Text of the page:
After the pallid first issue, Abe Sapien #2, seems to be finding its footing. One wonders if issue #1 was even necessary, but perhaps, as the series progresses, some light will be shed, and all will be made clear.
What is very clear, as of this current issue, is that religion is going to play a major role in the story. Good versus evil, and in particular, good embracing what could be construed as evil, seems to be the theme that Mignola and Allie intend on exploring. Overdone, you ask? Perhaps, but it seems appropriate considering Abe’s current evolutionary state.
He’s been reborn, and is exploring questions about his current self, as well as his past, and ultimately, his future. Who am I? Where did I come from? Where am I going? Abe has awakened as a stranger in a strange land. He is essentially all alone, what with nearly all his old friends gone. And lost, as he doesn’t even recognize himself in the mirror. Enter—Father Henry.
Henry is a small town preacher holding sermons for a town shattered by the emergence of the monsters ravaging the earth. The population is becoming infected by their proximity to the monsters, and as a result, are themselves turning into monsters. Abe, on a mission for B.P.R.D., stumbles across the church run by Father Henry. Henry, mistakingly thinking that Abe is one of many that have turned into a monster, befriends him with the intent of saving him.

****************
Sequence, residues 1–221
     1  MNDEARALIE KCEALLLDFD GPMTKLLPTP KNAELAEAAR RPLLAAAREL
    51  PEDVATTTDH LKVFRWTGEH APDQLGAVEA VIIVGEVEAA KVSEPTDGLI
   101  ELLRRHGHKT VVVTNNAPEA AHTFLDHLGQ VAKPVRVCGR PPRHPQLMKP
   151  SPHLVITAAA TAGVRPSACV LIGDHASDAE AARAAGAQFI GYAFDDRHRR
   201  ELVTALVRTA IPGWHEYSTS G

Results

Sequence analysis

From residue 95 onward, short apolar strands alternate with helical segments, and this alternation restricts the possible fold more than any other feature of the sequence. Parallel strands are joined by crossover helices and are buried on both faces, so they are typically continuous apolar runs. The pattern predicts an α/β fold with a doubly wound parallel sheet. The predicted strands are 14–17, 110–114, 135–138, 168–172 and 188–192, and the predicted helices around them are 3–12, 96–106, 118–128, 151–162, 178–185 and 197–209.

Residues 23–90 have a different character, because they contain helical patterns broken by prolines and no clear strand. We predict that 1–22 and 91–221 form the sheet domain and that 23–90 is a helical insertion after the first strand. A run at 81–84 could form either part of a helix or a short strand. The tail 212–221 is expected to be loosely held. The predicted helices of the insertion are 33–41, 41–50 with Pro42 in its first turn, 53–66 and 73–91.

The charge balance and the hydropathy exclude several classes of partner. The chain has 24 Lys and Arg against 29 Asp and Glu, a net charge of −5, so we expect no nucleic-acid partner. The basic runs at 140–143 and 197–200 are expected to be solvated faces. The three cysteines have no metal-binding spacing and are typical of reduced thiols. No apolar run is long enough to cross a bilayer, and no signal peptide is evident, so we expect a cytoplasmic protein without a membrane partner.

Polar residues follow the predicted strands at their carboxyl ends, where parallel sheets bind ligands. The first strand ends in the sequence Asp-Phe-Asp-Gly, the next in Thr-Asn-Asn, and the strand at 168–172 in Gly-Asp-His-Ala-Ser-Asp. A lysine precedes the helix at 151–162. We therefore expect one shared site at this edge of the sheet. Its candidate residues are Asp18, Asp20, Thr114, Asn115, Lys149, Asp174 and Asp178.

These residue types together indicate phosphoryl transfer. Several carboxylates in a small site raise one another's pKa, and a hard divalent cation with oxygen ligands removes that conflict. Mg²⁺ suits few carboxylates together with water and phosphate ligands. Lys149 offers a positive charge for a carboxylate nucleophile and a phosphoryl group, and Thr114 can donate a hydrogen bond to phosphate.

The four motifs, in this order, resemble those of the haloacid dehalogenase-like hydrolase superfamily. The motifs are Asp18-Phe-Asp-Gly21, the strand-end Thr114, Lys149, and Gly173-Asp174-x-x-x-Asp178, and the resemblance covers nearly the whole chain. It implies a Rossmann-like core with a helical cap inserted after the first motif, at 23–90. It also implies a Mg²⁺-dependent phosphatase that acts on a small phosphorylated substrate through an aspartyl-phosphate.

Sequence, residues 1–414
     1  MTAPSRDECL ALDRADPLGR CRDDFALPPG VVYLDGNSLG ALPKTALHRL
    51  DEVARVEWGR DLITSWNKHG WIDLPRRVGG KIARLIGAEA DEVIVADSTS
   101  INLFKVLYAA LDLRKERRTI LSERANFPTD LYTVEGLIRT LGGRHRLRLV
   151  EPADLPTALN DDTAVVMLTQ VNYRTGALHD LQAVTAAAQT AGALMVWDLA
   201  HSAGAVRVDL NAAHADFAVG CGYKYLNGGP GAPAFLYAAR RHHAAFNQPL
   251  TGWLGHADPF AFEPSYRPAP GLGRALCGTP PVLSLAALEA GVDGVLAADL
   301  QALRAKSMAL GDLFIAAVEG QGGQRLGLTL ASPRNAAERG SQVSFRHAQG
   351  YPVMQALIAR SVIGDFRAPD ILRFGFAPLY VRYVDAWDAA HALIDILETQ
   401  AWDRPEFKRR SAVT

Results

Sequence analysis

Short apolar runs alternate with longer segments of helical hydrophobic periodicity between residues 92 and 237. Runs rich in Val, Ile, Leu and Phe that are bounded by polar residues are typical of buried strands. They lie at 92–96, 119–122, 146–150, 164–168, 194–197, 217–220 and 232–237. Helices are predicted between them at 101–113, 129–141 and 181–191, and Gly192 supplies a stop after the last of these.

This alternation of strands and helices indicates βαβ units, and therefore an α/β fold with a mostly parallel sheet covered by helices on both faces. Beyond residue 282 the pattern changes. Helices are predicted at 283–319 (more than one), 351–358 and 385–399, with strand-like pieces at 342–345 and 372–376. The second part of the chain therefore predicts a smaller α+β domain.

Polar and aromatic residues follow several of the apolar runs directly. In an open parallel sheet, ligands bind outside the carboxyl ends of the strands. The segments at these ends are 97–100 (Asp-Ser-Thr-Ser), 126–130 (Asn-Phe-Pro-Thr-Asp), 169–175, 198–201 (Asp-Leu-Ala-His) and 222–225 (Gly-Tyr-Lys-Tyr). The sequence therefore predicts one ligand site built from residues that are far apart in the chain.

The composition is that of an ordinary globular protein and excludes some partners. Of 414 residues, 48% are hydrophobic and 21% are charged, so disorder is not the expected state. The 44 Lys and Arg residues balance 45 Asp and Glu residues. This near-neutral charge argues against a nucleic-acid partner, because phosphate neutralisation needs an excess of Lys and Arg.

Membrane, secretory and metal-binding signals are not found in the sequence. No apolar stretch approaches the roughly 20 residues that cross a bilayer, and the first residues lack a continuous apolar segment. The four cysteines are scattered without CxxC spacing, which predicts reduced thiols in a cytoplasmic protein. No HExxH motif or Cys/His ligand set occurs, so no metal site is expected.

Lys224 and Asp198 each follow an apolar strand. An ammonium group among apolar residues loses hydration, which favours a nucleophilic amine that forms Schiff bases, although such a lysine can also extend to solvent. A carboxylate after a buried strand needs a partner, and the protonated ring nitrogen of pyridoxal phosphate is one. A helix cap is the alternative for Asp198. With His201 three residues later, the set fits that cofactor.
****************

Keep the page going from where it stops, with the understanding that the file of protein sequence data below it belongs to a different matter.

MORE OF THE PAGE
What seems inevitable is that Father Henry is going to help Abe explore his existence, helping him answer some of those aforementioned questions. Father Henry has embraced the monsters as the work of God, and Abe knows they’re anything but! This is such a great dynamic, as we will undoubtedly be privy to the exploration of themes such as good vs. evil, and man vs. monster, only juxtaposed.
In my review of the first issue, I was worried that Abe was headed to the realm of mediocrity. With the second issue, like his best friend, Hellboy before him, it is a certainty that Abe is on a journey of self-discovery that promises to be anything but mediocre.
Abe Sapien #2 Review